Before and during the early years of containerization, this choreographed ballet of applied physics and logistics was all done by hand. Today with 21,000 possible containers aboard, computers are supposed to calculate the most efficient stowage plan. However, stack weights are often exceeded and overweight cargo gets mis-stowed in an incorrect location. Vessels were at one time loaded for a “comfortable ride” not for the crew, but for the cargo. It is far better to load a vessel so that she will roll gently from side to side while underway. Put too much heavy stuff down low and you get snap rolling where the ships, just as the term suggests, rolls rapidly from side to side. Once again, physics comes into play.

On the smaller and older vessels, the containers at the top of the stack have a much shorter arc and are subjected to much less acceleration and force than the behemoths of today. Incidentally, container construction although improved, is not vastly different than it was at its outset other than size. Containers go below deck in a set of parallel rails and stack up to the deck level where a hatch cover is employed. Another set of containers is then stacked on deck and these are secured with stacking cones, lashings, and turnbuckles. These lashings need to be tightened on each container stack to ensure no movement while underway. Think about the number of lashings to secure the thousands of containers on deck. Ensuring these lashings stay tight and are in good working order is the responsibility of the crew once the vessel leaves port. A nearly impossible task on these massive new vessels.

So this is where we seem to have a breakdown.

Ships by their very nature are designed to operate safely in the worst mother nature can throw at them. Hurricanes, cyclones, and typhoons never to be trifled with are not supposed to be the undoing of a good vessel and her crew. By weather reports, the first casualty on November 30th occurred in a Force 4 storm (Force 12 is a hurricane) so the ship should have ridden out the sea conditions if loaded and secured properly unless an anomalous rogue wave did this damage. Only the continuing investigation will reveal the root cause. But for the others, it would appear that changes need to be made in how these vessels operate, the cargo they carry, and what vessel insurers are willing to risk when the stakes are so high.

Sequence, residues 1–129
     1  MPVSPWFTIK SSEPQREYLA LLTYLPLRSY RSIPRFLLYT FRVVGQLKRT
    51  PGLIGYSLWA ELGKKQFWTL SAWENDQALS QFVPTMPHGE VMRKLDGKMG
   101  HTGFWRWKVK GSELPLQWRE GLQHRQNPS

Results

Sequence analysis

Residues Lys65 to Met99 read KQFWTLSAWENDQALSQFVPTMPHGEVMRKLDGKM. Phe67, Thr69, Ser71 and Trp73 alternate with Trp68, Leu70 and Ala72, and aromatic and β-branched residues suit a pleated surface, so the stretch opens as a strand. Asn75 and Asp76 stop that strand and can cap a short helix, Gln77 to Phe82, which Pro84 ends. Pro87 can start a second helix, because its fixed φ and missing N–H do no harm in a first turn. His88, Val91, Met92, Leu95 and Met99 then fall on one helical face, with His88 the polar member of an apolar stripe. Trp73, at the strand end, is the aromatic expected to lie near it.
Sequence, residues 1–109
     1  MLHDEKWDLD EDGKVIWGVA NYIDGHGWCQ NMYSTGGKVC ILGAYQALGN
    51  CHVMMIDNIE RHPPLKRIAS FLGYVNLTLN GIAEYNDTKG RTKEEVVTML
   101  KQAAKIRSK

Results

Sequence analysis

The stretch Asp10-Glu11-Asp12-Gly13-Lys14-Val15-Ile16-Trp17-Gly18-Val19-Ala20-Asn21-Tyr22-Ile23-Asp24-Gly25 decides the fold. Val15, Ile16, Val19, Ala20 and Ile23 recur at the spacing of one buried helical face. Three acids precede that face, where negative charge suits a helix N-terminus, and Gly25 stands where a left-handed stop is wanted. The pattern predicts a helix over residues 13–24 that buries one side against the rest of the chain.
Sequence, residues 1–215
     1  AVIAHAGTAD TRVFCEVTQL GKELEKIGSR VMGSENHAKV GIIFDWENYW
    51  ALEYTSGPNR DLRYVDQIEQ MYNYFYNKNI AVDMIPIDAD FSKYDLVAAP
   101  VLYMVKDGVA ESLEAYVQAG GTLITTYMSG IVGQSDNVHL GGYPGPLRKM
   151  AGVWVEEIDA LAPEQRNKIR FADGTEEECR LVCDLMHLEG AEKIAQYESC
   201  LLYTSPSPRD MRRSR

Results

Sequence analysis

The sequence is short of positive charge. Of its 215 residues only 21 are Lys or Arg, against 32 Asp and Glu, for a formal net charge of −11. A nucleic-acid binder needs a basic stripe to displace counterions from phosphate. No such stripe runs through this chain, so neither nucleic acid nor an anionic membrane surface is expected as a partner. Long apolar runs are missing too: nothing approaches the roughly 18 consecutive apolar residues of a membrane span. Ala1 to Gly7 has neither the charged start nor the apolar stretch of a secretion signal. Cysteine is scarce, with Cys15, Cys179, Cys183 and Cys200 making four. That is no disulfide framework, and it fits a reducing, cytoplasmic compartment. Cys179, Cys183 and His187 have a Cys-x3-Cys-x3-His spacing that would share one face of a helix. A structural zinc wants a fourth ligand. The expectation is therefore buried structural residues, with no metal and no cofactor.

Unfortunately, these casualties come with a significant cost and disruption for those companies that have cargo aboard waiting for a resolution. Resolution of cargo on some of these ship casualties may take more than a year so any product lost at sea and any product not lost but stuck in the legal morass now must be remanufactured. This forces customers waiting for their product from suppliers to push back their lead times as they wait for replacements. Safety stock or inventory buffers are an important concept to secure a resilient supply chain so when casualties like these occur, it minimizes the impact on an organization.